There were lots of other birds around the garden including one of my favorites from the trip - the diminutive Cuban Tody. The "cute factor" for this tiny bird is off the charts!
The next stop was the infamous Bay of Pigs and the Zapata Swamp area. It has been a while since I looked at this period in American history, and it was fascinating to go to a local museum one afternoon and learn about it from the Cuban point of view.
|"Here was the decisive fight for victory"|
|In the town of Giron: "The first great defeat of Yankee imperialism in Latin America"|
|"Until here the mercenaries arrived.," or the end of the advance of the US invasion.|
|Blue-headed Quail-Dove displaying|
Lest we forget there is another endemic Cuban hummingbird, the Cuban Emerald. It is also a stunner.
|Male Bee Hummingbird|
|A male Bee Hummingbird displays for a female by flaring his "whiskers" and wagging his tail|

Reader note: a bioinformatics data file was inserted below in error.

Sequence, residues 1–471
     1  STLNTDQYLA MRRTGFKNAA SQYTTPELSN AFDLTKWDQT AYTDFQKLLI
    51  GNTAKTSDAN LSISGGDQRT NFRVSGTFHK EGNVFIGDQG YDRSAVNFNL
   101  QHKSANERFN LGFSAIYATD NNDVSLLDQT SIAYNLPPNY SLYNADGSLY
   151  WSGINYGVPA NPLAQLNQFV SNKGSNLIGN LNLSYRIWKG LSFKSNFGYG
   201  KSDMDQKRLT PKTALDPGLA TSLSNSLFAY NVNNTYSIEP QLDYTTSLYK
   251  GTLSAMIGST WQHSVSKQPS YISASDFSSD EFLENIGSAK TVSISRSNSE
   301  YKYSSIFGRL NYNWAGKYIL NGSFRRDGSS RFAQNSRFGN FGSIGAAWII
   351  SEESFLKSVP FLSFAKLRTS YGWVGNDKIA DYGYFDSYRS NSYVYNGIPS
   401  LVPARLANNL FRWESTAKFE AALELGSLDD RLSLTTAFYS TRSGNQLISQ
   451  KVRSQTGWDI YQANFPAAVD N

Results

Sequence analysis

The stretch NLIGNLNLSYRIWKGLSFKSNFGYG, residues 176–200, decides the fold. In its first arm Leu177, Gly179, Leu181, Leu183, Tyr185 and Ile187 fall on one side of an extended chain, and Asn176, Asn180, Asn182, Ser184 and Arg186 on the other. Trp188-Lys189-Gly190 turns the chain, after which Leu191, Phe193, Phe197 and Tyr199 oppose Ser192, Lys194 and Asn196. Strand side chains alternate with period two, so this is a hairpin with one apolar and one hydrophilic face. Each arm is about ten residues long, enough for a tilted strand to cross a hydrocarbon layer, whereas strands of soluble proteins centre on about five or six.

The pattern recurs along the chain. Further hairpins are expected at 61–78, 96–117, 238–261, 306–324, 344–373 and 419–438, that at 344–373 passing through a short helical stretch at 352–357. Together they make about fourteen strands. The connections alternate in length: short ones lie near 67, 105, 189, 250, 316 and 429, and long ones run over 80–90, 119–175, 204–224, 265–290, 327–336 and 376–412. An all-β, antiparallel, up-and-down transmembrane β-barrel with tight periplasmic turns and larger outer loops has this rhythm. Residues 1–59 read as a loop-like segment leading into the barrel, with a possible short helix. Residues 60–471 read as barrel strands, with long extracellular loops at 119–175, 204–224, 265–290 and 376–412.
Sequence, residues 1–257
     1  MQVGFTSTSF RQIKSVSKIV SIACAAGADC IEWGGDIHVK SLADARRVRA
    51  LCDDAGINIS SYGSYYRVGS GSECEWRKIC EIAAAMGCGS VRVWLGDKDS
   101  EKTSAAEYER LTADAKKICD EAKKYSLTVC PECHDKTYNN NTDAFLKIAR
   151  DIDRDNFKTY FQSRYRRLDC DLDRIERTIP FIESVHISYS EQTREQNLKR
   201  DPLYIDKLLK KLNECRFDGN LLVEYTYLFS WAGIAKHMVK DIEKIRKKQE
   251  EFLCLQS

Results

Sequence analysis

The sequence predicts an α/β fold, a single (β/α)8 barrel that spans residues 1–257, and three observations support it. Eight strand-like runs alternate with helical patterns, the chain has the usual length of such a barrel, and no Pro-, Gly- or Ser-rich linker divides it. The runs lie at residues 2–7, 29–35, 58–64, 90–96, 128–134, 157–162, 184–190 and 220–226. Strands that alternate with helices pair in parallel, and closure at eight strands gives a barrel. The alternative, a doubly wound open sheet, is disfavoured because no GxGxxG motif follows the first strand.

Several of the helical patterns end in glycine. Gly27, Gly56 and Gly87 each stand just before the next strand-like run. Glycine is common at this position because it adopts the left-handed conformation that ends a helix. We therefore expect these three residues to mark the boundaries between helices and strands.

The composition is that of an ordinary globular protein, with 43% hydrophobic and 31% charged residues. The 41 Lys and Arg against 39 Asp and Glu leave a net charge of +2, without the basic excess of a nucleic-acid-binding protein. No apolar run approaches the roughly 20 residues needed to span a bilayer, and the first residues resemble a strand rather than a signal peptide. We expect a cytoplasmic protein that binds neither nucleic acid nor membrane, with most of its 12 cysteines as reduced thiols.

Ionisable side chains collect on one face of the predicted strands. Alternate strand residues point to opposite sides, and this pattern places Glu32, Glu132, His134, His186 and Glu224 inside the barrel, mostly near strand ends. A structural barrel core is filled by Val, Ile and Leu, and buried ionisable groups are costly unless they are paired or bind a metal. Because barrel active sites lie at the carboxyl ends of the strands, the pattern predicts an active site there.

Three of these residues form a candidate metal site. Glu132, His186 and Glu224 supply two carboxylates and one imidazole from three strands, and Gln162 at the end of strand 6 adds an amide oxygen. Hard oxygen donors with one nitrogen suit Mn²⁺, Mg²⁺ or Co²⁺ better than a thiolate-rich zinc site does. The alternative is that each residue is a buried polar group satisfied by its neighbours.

|Female Bee Hummingbird|
|It really is tiny|
|Casa del Zunzún (Bee Hummingbird House)|
Continuing our string of amazing highlights, the next morning we were off to the Zapata Swamp on the northern end of the bay. Here is the home of the Zapata Wren, the only member of the genus Ferminia and found nowhere but this area. We boated into the swamp down an early 1900's man-made canal built for logging, and turned up an amazingly cooperative male wren. We were told the view we had was among the best ever, wide open and singing up a storm. Most visitors get just a glimpse of the bird scurrying through the bushes, and some go home skunked. We were very fortunate.
|Greater Antillean Nightjar|
|West Indian Woodpeckers|